Suppressing and Expressing Emotion
Sometimes, letting out our emotions is easy, satisfying, a cathartic release. But other times, especially when the feelings of other people are at stake, it’s not so simple. More often than we may realize, we compromise between how we feel inside and how we want other people to feel, putting on a happy face, even if swallowing our anger and sadness causes us even more pain than letting it out would.
How might a tendency to conceal our emotions in the interest of others’ well-being relate to personality type? To examine this question, we asked our readers whether they agreed or disagreed with the statement, “You would rather suppress your own feelings than hurt someone else’s.”
Roughly three-quarters (76%) of all respondents agreed with our statement. The Introvert and Turbulent personality traits made people slightly more likely to agree. The Nature aspect was the deciding factor on this topic, though – Feeling types were 24% more likely than Thinking types to suppress their feelings for the sake of another’s.
Which personality types are more likely to suppress, and which are more likely to express? Let’s take a look, starting with the Roles.
Diplomats (87% agreeing)
Because of their core Feeling trait, Diplomats’ sense of empathy can be so strong that the pain of others is sometimes a palpable presence in their own emotional lives. As such, Diplomat personality types may go to great lengths to tamp down any negativity, putting the harmony of the group before their own needs, much like a soldier might leap onto a grenade to save their comrades. But Diplomats must take care not to get so carried away with altruism that they neglect their own emotional well-being to an unhealthy degree.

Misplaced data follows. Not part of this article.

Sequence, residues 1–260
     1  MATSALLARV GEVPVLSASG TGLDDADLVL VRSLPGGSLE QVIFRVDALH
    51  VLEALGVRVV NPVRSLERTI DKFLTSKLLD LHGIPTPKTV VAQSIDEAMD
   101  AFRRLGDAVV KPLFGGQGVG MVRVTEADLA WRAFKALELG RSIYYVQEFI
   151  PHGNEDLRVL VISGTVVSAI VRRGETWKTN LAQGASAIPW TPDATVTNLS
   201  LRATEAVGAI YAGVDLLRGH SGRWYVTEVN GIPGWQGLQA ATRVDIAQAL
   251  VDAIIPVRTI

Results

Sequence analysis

This is especially true of Turbulent Advocates (INFJ-T), the personality type most likely to agree with our statement, at a whopping 91%. Many Advocates devote their entire lives to helping others, a mission that requires all sorts of sacrifices, including suppressing personal emotions for the sake of the greater good. While they may seem on the outside like constant sources of positivity, Advocates are actually quite sensitive and can burn out easily. But even if an Advocate is deeply upset about something, they’ll rarely allow others to catch a glimpse of their inner turmoil.
Explorers and Sentinels (78% and 76%)
Due to their shared Observant trait, Explorers and Sentinels are eminently practical people. These personality types may take a more pragmatic view toward the feelings of others, attempting to strike a balance in letting others know how they feel without causing unnecessary offense or drama. Both Roles may feel that, in the interest of maintaining a productive relationship, it is often better to watch what they say rather than to say exactly how they feel.
Surprisingly, the personality type that was least likely to hide their feelings for the sake of others was a Sentinel. Only 51% of Assertive Executives (ESTJ-A) agreed with our statement. Executives are leaders who are interested in getting things done right, and they stick up for what they believe in. If they feel angry, frustrated, or upset about the perceived incompetence, laziness, or dishonesty of someone else, they’ll call them out on it. A lack of empathy is perhaps Executives’ greatest weakness, which means that the emotions of others are, at best, usually an afterthought. For better or worse, with this personality type, you always know where you stand.